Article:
Because of the high levels of damage the fruit fly can inflict on mango, citrus and papaya, and its tendency to attack fruit at a greener stage than the Queensland fruit fly, these are likely to require earlier applications of spray regimes and more intensive or regular treatments.
Papaya fruit fly can infest all edible fruit except pineapples, all vegetables except chokos, beans, peas, root vegetables such as potatoes, sweet potatoes and onions and leafy vegetables such as lettuce and cabbages.
WHAT DOES THE FRUIT FLY LOOK LIKE?
Papaya fruit fly is about the same length as a common house fly but more slender. It grows to 7mm in length and has clear wings, generally black chest and a paler abdomen, with a distinctive black T-shaped marking on the back.
The Queensland fruit fly, by comparison, is much the same size but is an overall reddish-brown colour.
Adult females lay their eggs just under the skin of fruit. Within two to three days the eggs hatch into maggots (larvae) which damage the fruit by burrowing into healthy plant tissue as they feed, causing decay and frequently premature fruit drop.
It takes 14 days for the larvae to leave the fruit to develop into pupae in the soil, and considerable damage can occur inside the flesh before obvious signs of infection can be seen on the fruit. The most obvious signs of infestations are small discoloured patches, or 'stings', made by the female as she lays her eggs.
The adults emerge from the pupa in another 14 days and become sexually mature after about a week. They live for several months and are capable of reproducing throughout their lifespan. Like most tropical fruit fly species, papaya fruit fly multiplies rapidly and can quickly spread over large distances. It is capable of establishing in any of the mainland states of Australia.
INDUSTRY CONFRONTS CRISIS
Mr Gibbs said his government would pay all costs directly associated with supervision of treatment measures.
Far north Queensland's papaya fruit fly crisis was continuing to worsen. The discovery of the fly in Bingil Bay prompted the Fruit Fly Taskforce to extend the north Queensland Quarantine zone from Cardwell to near Rollingstone, about halfway between Ingham and Townsville.
Len Collins, QFVG board member, said, while temporary dipping would get fruit moving again, longer term requirements were going to be a major expense for growers. "However I believe the banana industry will be able to develop protocols based on management in the field, that will eliminate the need for dipping within 12 months."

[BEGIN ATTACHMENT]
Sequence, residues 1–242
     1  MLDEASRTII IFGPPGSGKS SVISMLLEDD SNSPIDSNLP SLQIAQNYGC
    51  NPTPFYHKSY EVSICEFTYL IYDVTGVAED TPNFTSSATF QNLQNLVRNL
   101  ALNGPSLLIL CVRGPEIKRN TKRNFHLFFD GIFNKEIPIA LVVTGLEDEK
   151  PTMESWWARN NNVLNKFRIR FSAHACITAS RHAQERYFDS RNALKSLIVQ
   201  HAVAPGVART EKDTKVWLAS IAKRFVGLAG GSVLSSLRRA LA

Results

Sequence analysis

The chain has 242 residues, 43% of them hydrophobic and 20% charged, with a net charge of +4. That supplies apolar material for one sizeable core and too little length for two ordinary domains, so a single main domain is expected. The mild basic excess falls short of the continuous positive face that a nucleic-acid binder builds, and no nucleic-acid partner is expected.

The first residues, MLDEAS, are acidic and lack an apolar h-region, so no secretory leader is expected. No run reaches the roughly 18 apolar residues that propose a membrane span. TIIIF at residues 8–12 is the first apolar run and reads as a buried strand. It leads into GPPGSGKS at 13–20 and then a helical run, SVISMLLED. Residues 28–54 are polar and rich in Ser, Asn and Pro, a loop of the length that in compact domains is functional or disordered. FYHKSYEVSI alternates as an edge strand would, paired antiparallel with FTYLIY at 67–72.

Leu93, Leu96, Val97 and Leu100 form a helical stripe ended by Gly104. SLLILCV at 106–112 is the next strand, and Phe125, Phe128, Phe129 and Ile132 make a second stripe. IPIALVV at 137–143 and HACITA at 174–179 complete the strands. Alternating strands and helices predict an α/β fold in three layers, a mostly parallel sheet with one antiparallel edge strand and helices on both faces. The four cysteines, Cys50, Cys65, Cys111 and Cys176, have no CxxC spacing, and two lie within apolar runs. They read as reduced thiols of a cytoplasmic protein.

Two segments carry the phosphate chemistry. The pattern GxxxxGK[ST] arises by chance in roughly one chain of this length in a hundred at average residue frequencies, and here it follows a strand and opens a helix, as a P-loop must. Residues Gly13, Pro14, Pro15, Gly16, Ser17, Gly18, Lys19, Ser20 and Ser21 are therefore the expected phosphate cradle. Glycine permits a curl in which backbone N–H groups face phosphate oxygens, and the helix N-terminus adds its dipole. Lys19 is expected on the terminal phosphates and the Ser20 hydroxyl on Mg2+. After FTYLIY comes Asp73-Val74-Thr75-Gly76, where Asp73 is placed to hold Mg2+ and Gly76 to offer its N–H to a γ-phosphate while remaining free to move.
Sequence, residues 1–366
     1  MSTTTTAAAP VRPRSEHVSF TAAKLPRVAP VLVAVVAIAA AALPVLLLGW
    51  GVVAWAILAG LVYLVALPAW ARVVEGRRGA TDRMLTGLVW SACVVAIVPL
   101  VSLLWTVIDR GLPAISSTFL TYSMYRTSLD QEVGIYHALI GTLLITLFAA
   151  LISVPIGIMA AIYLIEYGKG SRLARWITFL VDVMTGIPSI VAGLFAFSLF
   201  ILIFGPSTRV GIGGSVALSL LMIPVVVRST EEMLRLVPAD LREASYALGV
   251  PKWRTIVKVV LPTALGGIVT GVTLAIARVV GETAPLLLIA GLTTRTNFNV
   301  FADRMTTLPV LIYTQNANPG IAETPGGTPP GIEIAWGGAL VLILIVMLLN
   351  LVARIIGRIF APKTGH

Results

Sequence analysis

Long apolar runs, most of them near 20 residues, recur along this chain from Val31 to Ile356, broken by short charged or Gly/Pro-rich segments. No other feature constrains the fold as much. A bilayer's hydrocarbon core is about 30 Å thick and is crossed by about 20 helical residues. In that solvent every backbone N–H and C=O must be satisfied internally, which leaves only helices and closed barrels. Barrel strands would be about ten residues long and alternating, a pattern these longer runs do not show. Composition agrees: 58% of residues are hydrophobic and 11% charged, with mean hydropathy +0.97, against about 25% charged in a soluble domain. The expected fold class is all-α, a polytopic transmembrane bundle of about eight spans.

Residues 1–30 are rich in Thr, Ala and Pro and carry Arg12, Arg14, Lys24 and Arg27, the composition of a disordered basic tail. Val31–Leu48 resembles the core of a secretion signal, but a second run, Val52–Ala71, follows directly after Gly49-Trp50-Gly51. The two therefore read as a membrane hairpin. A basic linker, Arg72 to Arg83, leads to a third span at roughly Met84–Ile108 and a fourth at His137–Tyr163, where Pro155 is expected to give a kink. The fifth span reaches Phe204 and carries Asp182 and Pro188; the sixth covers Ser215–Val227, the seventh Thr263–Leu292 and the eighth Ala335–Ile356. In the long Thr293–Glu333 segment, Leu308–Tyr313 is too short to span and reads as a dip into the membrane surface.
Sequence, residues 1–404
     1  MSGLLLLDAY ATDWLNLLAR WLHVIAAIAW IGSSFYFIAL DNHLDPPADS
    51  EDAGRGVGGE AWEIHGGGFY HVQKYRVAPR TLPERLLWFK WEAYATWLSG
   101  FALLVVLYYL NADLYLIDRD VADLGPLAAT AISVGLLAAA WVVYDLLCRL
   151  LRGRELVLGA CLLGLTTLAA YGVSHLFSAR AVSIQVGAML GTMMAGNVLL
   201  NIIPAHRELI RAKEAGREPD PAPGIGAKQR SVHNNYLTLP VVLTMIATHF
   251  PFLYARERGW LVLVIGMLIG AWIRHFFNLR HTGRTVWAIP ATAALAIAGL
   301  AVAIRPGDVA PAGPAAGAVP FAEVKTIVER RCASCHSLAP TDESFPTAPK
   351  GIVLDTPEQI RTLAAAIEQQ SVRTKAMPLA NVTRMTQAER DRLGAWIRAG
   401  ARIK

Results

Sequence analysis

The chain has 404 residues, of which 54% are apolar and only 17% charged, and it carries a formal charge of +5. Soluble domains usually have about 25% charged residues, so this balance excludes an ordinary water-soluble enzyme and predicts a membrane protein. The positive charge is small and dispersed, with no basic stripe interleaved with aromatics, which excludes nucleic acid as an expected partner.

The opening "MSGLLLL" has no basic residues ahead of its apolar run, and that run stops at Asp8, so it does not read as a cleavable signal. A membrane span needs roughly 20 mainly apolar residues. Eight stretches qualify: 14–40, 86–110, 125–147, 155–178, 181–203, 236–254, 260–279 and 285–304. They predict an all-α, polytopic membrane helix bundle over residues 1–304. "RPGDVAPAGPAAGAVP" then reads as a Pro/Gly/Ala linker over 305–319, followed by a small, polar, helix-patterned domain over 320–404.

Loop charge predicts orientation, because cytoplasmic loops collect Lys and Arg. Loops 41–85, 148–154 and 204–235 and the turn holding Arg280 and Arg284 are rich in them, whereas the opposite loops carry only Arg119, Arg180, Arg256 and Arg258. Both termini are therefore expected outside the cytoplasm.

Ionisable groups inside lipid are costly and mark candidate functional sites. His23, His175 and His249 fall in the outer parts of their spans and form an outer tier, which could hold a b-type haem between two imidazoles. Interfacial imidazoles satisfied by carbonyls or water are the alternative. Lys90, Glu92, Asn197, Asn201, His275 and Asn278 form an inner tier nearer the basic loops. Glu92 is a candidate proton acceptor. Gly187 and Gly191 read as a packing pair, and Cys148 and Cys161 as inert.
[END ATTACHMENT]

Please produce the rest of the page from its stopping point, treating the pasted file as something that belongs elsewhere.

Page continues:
Ray Olufson, Mango chairman, said north Queensland mango growers appeared to have some time to meet the quarantine requirements before the harvest began in December.
Noel Stevenson, Pawpaw chairman, said growers were starting to work out how to handle the protocol requirements and, thanks to the DPI, were "pretty well aware of what they have to do". Many sheds already had their Q numbers registered.
Peter Brittain, Lychee chairman, said his growers' main concern was whether DPI would be able to register sheds and train inspectors in time for the opening of the season in two, three weeks time. There was also concern that the requirement for dipping to be the last fruit treatment before packing would affect quality. The good news for his grower members was that it appeared their newly-won export markets in Europe and Asia would not require dipping of fruit.
RESEARCH ALREADY WELL UNDER WAY
The good news, if there is any, from the fruit fly crisis in far north Queensland is that, thanks to Australia's involvement in and assistance with overseas agricultural research, we know quite a bit about the new pest.
DPI entomologists have been working on fruit fly research in Malaysia and Thailand since 1986, under the auspices of the Australian Centre for International Agricultural Research (ACIAR).
They have bred papaya fruit fly from 50 plant families and over 160 fruit species in those countries. As a result of this pest's heavy infestation habits, DPI will have to develop field control strategies for producers.
In the world scene, papaya fruit fly is endemic in Thailand, Indonesia, Malaysia and Singapore.
It entered Papua New Guinea in 1992. In March 1993, it was detected for the first time in Australian territory on the islands of Saibai, Boign and Dauan, adjacent to the PNG coast, and on Stephen and Darnley Islands, close to the centre of Torres Strait. Successful eradication programs have been carried out on Stephen and Darnley Islands.
Since then most of the inhabited islands of Torres Strait and the northern tip of Cape York Peninsula have been regularly monitored by trapping.
This program has shown that the fly has never entered Cape York at the northern extremity.
Papaya Fruit Fly Facts Sheet can be accessed by phoning 07 3 222 2996. Instead of requesting the complete index, ask for the following item numbers:
120 Papaya Fruit Fly - a major new pest of horticulture
121 Papaya Fruit Fly - traps, samples and identification.
DATE: January 1992
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